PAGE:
Encouraging a Broader Lens in Cultural Heritage Conservation: Amplifying Voices and Layering Stories

National Trust Conference 2022
Annie Veilleux

A decade ago, common concerns related to heritage conservation that we were hearing from property owners, developers, or governmental representatives focused on the economic costs and physical building restrictions perceived to be imposed by cultural heritage policies or protective mechanisms such as designation. These concerns are still very much pervasive today but, as practitioners, we are now also working within a very different landscape. We are faced with layered and essential philosophical and political tensions as well as engaging with conflicts and touchpoints relating to equity, diversity, class, race, and privilege. We increasingly, but fundamentally, need to grapple with questions of who benefits, and who loses out, from cultural heritage conservation.

As heritage practitioners, we know that heritage conservation is sometimes perceived, and unfortunately sometimes co-opted, as a tool to stop change and development in well-established and privileged urban neighbourhoods or that it only focuses on the white colonial story at the exclusion of other narratives. We sometimes hear that the industry is out of touch with today’s socio-cultural, economic, and environmental realities. As heritage practitioners, however, we also know that heritage conservation can be used to challenge these perceptions and practices and that it can make much broader contributions beyond the conservation of fabric and the built form. Rather than being a singular goal in and of itself, we believe that heritage conservation can be most meaningful and productive when functioning as a tool or strategy to advance sustainability and spatial, social, and economic inclusion.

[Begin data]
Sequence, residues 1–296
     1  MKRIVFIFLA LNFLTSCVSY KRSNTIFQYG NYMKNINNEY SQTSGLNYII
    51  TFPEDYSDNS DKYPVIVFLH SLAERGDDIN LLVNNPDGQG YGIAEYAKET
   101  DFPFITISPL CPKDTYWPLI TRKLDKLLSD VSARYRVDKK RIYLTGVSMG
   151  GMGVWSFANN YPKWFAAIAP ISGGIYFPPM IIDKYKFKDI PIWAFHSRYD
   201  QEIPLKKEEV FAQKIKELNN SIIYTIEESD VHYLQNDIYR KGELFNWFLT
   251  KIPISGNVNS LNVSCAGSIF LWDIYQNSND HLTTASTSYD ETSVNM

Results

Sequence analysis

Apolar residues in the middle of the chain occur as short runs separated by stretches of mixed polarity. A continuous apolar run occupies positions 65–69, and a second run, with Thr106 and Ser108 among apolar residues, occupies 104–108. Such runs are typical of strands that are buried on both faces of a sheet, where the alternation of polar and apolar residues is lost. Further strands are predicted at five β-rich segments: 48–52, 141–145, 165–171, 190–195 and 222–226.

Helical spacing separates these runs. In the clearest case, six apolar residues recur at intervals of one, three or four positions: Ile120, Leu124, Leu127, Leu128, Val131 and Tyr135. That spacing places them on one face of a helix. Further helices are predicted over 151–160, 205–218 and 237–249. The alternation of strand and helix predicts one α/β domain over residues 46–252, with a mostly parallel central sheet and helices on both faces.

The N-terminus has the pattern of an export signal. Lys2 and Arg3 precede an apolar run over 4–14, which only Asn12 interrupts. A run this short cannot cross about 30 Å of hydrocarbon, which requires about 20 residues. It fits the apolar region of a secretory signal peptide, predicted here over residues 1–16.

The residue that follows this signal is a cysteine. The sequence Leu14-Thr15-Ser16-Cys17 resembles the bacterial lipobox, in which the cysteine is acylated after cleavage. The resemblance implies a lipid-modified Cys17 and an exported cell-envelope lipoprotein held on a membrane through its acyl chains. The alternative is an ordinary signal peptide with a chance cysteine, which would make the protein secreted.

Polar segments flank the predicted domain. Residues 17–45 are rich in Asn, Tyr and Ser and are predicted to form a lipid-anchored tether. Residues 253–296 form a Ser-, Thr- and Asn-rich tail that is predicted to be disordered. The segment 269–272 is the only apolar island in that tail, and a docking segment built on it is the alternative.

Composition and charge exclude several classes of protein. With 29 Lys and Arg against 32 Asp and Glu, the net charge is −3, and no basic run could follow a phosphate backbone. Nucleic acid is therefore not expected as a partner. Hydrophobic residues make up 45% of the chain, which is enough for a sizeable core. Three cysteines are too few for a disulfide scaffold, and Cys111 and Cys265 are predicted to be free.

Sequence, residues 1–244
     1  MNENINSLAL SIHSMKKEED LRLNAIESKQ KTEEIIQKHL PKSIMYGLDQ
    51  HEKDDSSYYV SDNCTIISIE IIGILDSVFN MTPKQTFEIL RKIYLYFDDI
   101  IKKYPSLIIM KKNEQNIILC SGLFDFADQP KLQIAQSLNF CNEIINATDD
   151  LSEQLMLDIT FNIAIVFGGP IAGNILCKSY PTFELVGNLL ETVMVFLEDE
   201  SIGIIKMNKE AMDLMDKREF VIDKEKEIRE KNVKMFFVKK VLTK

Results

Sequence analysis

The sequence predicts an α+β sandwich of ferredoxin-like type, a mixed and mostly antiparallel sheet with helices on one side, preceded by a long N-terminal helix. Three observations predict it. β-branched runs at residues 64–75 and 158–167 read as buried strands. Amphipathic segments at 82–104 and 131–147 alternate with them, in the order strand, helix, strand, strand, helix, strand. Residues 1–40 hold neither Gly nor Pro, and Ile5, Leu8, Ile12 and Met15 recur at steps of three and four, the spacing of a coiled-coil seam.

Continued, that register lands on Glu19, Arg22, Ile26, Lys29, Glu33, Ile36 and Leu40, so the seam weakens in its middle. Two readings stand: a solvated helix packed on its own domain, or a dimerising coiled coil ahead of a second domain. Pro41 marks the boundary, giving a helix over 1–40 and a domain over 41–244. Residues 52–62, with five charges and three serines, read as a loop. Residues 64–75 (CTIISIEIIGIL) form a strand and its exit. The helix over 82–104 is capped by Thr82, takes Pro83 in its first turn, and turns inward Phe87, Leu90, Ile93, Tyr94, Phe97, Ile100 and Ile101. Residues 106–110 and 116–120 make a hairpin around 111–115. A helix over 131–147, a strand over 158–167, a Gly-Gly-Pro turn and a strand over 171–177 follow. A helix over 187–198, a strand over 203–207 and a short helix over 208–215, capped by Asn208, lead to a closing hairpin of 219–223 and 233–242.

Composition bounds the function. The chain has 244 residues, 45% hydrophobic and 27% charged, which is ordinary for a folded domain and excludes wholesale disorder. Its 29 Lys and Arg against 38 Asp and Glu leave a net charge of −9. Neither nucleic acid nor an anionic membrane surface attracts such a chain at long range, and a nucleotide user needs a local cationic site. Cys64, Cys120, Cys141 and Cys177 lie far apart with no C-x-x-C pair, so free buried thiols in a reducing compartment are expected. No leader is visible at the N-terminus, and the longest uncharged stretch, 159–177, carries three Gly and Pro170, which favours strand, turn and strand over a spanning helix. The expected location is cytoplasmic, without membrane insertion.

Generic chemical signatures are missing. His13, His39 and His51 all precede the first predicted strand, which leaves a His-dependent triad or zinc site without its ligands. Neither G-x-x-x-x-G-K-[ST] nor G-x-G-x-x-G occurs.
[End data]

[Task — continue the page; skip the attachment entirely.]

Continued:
This presentation will focus on a few projects and places that highlight ways that heritage can be leveraged as a progressive force to diversify our understanding of dominant narratives, to seek to understand and untangle conflicting narratives, and to, consciously and actively, make space for those voices that are often excluded from the heritage conservation process. This presentation will also explore how heritage can be used to support ecological and environmental stewardship and to create green spaces that encourage physical and mental well-being.

By focusing on these projects and places, our goal is to spark discussion about sustainable and inclusive principles and policies that may guide conservation decisions.